10/50 Law


Changes have been announced to the way the 10/50 vegetation clearing rule is applied in some areas, effective from 30 September 2014.

The 10/50 vegetation clearing rule was introduced on 1 August 2014 in response to the devastating 2013 bush fires in NSW in which more than 200 properties were destroyed. The rule allowed property owners living within 350 metres of Category 1 and Category 2 Bush Fire Prone Land (known as the 10/50 Vegetation Clearing Entitlement Area) to remove trees within 10 metres of their home, as well as vegetation within 50 metres, without state or local approval, on their own land.

Changes have been announced to the way the Entitlement Area applies in some areas, particularly around areas of bushland which pose a lower risk of bush fire.

You can find out if your property is in a 10/50 Vegetation Clearing Entitlement Area using the RFS online tool. You should check the tool immediately prior to attempting to remove any vegetation, as the entitlement area may have changed.

For further information visit the RFS website .


  • Under the 10/50 entitlement, the clearing of any vegetation on land other than your own, requires the owner’s consent.
  • All 10/50 vegetation clearing works carried out are the responsibility of the landowner.
  • For those properties outside of the 10/50 Vegetation Clearing Entitlement Areas, the current laws relating to vegetation removal for hazard reduction purposes still apply. Contact NSW Rural Fire Service on 1800 679 737 or http://www.rfs.nsw.gov.au for advice on bushfire preparedness outside of the entitlement area.
  • The removal of trees or native vegetation for purposes other than bushfire hazard reduction generally requires the consent of Council.
  • It is important that residents do not take it upon themselves to remove vegetation from a property, for any reason, without the right permission. It is the responsibility of the property owner to ensure the removal of trees and vegetation is in accordance with the requirements of the Rural Fires Amendment (Vegetation Clearing) Act 2014, or Council’s Tree Preservation Order. Council recommends property owners do not rely solely on the information and tools relating to the 10/50 Vegetation Clearing Code of Practice. Property owners should obtain further advice if you are uncertain about how any of the information provided by the Tool, including the Assessment Outcomes, applies to you or your property.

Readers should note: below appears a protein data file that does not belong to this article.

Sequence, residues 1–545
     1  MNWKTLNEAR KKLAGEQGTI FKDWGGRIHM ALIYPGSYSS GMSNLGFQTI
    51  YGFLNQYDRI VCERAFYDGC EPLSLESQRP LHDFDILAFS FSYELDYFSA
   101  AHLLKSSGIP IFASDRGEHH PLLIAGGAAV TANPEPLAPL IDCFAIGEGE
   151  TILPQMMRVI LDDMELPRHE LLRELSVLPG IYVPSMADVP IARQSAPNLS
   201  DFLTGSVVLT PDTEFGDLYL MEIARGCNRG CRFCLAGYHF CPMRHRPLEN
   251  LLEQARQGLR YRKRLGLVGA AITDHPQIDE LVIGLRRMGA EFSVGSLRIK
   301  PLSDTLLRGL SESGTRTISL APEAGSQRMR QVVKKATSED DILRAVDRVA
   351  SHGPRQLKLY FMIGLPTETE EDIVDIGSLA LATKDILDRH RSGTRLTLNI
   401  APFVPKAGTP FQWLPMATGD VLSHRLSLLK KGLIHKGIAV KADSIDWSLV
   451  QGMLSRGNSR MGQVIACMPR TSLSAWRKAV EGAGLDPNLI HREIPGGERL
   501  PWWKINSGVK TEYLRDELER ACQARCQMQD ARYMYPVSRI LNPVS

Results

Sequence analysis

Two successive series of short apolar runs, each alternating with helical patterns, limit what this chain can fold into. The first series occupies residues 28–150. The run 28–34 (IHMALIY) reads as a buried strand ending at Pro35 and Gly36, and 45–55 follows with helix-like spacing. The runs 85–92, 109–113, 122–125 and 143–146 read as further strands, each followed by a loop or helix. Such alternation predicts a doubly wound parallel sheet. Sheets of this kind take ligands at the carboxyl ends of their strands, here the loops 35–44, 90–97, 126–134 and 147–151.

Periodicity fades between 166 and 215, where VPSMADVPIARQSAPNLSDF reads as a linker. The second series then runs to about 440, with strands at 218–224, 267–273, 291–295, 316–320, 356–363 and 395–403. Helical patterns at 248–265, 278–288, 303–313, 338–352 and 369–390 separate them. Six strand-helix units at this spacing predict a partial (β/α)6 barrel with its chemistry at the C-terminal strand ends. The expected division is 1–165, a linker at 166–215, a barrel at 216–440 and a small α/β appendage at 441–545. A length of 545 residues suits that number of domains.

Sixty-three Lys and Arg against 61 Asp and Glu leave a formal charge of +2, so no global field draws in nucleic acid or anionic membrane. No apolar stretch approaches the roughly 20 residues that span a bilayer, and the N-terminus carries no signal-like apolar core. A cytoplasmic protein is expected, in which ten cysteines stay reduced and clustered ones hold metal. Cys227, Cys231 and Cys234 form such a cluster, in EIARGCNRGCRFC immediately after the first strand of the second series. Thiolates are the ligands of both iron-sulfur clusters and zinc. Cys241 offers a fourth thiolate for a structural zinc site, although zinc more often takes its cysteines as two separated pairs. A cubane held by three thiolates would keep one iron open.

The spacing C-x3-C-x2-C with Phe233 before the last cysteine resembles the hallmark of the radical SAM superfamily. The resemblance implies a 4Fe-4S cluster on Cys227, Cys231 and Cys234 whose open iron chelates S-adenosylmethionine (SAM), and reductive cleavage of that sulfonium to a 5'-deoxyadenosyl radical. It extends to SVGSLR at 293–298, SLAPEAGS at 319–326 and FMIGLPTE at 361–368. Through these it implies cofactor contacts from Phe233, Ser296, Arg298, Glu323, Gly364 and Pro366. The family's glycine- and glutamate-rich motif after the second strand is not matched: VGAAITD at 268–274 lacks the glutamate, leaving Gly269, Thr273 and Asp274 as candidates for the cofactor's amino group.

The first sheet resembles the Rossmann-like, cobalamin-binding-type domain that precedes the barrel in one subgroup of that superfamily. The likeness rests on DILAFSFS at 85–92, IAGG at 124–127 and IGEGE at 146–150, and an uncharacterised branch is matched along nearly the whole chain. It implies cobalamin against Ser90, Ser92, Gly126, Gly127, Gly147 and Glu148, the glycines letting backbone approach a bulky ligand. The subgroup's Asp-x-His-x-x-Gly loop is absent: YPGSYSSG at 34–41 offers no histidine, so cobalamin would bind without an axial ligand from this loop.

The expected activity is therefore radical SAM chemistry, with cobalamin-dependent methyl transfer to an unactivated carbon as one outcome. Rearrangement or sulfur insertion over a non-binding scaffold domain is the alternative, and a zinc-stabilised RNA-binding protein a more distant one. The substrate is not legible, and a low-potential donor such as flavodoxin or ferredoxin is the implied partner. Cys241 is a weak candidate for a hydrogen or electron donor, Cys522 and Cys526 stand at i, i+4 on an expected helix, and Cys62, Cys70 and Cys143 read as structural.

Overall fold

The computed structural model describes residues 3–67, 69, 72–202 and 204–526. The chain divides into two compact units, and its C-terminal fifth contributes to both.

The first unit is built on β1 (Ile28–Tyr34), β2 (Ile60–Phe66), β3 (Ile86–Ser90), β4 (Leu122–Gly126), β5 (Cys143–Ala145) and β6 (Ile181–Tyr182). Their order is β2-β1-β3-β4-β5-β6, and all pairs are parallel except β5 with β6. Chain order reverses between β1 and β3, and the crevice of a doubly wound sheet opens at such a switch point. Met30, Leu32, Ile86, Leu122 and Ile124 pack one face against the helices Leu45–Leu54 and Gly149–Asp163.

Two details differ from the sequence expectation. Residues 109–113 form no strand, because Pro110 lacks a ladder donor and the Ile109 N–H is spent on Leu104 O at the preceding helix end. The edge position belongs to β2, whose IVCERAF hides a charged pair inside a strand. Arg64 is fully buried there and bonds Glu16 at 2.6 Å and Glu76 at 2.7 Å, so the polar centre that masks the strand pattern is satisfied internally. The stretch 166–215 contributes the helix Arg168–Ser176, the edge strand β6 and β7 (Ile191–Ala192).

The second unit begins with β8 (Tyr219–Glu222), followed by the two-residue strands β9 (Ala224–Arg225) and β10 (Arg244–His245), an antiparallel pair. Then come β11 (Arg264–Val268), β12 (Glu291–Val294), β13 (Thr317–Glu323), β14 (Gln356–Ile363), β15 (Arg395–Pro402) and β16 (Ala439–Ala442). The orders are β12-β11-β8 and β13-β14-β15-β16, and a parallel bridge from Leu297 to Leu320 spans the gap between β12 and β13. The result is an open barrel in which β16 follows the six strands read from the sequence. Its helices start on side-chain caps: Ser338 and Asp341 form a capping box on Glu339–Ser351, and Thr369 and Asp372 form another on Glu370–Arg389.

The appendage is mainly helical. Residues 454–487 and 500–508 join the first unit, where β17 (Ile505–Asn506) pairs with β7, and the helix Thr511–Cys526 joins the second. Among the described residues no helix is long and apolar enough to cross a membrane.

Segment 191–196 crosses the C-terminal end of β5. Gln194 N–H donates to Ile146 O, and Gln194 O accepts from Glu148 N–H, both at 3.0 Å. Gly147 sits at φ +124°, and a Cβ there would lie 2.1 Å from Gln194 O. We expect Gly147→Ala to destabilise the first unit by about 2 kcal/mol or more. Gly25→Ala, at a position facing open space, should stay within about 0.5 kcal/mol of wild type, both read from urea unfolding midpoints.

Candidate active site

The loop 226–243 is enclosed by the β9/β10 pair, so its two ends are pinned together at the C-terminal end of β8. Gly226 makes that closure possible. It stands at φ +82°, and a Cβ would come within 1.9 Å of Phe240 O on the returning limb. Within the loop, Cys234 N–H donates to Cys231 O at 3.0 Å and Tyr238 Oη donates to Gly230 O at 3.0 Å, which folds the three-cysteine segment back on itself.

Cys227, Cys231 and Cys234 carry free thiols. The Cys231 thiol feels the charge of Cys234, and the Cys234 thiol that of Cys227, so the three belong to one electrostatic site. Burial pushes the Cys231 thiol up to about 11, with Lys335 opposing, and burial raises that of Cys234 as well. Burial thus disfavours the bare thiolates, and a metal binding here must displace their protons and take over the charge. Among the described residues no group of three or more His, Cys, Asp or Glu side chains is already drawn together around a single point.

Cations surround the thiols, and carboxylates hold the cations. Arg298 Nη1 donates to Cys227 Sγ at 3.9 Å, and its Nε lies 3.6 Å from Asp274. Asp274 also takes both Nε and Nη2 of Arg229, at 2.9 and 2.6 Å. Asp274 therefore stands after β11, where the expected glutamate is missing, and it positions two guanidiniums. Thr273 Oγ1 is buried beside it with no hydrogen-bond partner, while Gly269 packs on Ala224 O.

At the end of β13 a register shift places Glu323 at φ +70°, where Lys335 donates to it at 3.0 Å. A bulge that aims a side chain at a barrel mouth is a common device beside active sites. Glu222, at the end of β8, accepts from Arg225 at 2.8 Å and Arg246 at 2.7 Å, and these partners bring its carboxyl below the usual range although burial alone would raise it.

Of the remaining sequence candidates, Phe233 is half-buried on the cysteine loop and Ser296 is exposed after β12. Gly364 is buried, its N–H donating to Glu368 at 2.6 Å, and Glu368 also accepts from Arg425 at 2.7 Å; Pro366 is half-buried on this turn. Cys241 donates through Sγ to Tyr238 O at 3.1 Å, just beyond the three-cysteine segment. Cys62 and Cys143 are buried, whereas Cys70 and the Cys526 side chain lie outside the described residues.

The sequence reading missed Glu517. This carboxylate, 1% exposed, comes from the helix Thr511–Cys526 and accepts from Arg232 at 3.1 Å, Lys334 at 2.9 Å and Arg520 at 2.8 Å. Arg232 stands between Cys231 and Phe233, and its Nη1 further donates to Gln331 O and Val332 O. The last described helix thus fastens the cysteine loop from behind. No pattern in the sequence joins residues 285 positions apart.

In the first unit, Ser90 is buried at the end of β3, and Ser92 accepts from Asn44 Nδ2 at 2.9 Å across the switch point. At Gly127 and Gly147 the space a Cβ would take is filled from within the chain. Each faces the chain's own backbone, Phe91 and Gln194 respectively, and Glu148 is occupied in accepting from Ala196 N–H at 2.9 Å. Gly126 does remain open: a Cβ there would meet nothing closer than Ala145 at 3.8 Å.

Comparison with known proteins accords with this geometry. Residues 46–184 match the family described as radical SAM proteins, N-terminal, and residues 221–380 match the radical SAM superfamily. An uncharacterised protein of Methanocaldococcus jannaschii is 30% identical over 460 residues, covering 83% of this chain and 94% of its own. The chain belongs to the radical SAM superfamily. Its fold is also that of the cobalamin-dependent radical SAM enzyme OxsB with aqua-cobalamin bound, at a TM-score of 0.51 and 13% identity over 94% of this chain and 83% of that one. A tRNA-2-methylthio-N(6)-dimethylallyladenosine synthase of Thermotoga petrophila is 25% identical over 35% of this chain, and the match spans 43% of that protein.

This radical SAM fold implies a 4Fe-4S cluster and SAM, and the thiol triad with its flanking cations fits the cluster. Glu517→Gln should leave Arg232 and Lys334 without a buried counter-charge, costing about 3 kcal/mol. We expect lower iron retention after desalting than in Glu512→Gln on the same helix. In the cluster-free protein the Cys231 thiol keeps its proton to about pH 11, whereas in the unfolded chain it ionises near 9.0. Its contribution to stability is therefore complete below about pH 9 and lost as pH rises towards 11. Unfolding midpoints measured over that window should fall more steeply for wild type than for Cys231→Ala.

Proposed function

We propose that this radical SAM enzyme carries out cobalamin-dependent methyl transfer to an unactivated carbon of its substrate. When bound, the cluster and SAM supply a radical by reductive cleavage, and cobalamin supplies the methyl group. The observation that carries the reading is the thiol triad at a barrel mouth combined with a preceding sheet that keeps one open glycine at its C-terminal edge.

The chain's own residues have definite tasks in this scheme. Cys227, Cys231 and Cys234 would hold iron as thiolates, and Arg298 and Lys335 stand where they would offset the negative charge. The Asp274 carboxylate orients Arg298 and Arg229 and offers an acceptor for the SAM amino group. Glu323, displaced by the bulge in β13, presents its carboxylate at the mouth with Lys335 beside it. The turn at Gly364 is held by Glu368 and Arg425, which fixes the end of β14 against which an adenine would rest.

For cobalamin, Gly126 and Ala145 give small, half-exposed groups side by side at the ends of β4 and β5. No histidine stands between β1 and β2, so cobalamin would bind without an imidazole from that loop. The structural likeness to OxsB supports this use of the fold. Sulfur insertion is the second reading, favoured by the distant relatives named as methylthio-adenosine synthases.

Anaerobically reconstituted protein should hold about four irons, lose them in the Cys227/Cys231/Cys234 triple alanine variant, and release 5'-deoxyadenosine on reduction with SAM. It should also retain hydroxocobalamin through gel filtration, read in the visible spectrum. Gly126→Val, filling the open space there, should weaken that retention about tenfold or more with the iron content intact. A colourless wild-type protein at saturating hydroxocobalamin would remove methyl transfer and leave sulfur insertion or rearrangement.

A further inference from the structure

The lopping or felling of trees is a potentially dangerous activity. Residents who wish to remove trees are strongly encouraged to use an appropriately qualified and insured contractor.


  • Clearing can only be undertaken by landowners or with approval of the landowner. This includes Council managed land or any other public land.
  • Council may, under certain circumstances, be in a position to give consent for the removal of trees from its land. If you are proposing to do this, you should contact Council to discuss and seek consent.
  •  Council is committed to reducing the threats from bush fire occurring on land under its care and control, and has an existing bush fire mitigation program by which these risks are managed. At the present time, Council will not be undertaking work beyond the scope of the existing works program and works standards.


If you are concerned that vegetation on land near you may be placing your property at risk from bushfires, you can request an inspection by an officer from the NSW RFS by lodging a Bushfire Hazard Complaint.

Any relevant bushfire hazard complaint in relation to public or privately owned land, as well as any further enquiries in relation to the 10/50 Vegetation Clearing Code of Practice, should be directed to NSW Bushfire Information Line on 1800 679 737.